“Without the local market, we would have been buggered; we wouldn’t have survived.” Business has since perked up and is in fact going so well that the boys are receiving offers from communities and councils to open new premises in additional towns.
But expanding simply for the sake of it is not what it’s about for Beechworth. Success for the guys is about “living the way you choose” and for them that means making their homes in rural Australia.
“We are country boys and very proud of it,” Tom says. While it’s tempting to follow the big bucks, that’s fundamentally not what they are about. “We’ve got to be really careful of our egos.”
Instead, the next year will see the duo get creative with some new product ideas and work on optimising their production methods to cater to the growth being seen in each of their bakeries. They are now making a staggering million pies per year across the group.
“We’ve always been a pretty innovative business with product and equipment to make things better and easier for ourselves, so we’re always trying to be smarter in that world,” Marty explains.
“If an opportunity comes up with a new store and the time is right and we’re ready to handle it, we’ll go with it, but we’re not just going to grow for the sake of growing.” Looking after their staff and creating opportunities within the local communities is what strikes a chord with them, and they do that by creating a sense of trust.
“Our bakeries are hundreds of kilometres apart so we have to trust our people and they have to trust us,” Tom says. “It’s all about communication, because any time we’ve had problems with anything, it has been from a lack of communication.” Extensive training has also been an important part of the business model.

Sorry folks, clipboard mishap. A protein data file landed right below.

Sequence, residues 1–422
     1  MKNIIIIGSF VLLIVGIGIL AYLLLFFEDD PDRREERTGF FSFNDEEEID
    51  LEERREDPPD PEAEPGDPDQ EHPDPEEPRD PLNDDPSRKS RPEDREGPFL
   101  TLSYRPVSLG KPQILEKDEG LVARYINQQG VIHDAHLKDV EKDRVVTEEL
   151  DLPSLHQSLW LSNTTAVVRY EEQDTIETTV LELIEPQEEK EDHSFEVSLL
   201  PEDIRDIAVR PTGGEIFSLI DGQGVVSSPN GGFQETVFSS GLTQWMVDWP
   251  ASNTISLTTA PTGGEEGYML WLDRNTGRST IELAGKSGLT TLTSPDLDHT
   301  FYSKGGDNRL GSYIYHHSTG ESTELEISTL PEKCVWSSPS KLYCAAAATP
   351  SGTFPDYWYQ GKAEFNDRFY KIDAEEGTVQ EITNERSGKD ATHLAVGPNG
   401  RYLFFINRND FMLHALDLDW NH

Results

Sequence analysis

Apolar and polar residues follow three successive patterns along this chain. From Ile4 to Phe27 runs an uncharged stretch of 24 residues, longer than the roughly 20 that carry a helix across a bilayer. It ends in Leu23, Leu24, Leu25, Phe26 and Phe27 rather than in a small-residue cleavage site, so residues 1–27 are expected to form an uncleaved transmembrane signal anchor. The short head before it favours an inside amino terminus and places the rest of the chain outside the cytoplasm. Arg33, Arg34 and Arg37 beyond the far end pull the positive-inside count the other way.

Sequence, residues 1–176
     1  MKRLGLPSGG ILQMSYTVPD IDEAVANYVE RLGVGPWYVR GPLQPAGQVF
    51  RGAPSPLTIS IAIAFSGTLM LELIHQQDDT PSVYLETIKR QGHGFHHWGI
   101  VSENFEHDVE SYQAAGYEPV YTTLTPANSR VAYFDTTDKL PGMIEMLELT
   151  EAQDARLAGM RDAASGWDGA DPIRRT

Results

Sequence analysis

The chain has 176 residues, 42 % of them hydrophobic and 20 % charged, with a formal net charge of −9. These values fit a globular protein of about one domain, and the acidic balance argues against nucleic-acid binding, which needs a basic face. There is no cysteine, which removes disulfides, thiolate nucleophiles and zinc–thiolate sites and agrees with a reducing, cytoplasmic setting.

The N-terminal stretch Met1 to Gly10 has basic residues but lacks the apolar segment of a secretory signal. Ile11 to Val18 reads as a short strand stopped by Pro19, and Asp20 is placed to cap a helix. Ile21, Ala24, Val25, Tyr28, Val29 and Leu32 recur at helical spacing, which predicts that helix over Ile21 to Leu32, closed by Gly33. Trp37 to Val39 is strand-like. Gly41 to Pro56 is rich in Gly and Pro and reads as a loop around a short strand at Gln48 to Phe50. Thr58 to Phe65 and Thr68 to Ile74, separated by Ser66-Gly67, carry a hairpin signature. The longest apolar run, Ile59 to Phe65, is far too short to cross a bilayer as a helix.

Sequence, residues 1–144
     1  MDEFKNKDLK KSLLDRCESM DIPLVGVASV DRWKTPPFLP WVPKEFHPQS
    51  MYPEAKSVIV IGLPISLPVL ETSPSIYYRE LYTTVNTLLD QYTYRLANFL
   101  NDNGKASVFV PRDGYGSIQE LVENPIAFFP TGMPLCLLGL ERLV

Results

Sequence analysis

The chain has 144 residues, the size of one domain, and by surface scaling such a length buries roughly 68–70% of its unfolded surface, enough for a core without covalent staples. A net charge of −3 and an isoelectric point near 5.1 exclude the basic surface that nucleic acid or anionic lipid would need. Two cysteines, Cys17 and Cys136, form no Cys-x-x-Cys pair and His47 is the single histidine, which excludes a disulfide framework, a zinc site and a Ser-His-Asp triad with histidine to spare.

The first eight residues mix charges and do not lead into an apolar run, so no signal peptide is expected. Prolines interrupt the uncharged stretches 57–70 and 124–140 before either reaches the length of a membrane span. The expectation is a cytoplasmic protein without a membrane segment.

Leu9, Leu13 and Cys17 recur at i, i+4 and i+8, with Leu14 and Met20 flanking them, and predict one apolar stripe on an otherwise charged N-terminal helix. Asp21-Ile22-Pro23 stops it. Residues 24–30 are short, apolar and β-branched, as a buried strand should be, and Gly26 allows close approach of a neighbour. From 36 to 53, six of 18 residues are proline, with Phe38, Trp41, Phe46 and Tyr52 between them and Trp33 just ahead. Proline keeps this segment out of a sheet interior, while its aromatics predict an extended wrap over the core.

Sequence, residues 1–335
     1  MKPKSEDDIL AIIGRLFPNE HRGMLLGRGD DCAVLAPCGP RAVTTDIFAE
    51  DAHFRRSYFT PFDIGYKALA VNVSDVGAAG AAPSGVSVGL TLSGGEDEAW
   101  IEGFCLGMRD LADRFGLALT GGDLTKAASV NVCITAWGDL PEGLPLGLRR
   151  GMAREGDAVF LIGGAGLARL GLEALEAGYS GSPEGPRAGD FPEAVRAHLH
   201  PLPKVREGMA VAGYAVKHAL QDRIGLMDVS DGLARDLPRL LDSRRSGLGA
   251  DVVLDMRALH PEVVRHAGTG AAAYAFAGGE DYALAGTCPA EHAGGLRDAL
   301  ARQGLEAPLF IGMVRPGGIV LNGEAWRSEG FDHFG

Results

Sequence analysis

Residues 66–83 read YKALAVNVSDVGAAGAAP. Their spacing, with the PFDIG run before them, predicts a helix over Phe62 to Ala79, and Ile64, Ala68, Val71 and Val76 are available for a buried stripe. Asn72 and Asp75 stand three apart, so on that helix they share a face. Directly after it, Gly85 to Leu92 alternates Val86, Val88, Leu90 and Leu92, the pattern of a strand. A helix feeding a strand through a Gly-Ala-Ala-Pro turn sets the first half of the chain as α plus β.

“Other businesses used to check us out and they couldn’t understand how our model was so successful because we’re all a long way apart, and we said it’s because we do a lot of training,” Tom reminisces. “They always said, ‘But what if you train them and they leave?’ I’d say, ‘Well, what if you don’t train them and they stay?’”
Inevitably, some staff have taken their new skills with them into new roles elsewhere, but overwhelmingly, they stick around because they love working there.
Working with companies that have a similar set of values is a non-negotiable, which makes Cadell Food Service a great match. Beechworth has been dealing with Cadell since it opened the Echuca branch in 2001 and it now supplies four more of its locations.
“They’re a family-owned business and they’ve grown very big like us, quite naturally. If we need something, we can make a phone call and they’ll just drop everything to help us out,” Marty reveals.
“We even employed one of their truck drivers, who needed some extra work through COVID-19. Now he works for us full time.” It is this community spirit and strong connection with suppliers, staff and customers that has driven Beechworth to succeed, even as the bakery space gets more cluttered.
“These days, everyone is selling coffee and cake – there is a heck of a lot of competition,” Tom admits. “Although the potential for growth is enormous; but do you just want to grow for the sake of growth?” Marty is on the same page, at least for now.
His wife, Jo, also works at Beechworth and the pair have a young family, which keeps their hands full. “I think the potential of our brand is absolutely endless,” he shares. “It’ll change at some point over the years, but we love what we’ve got at the moment so we’re going to grow it nicely and look after it.”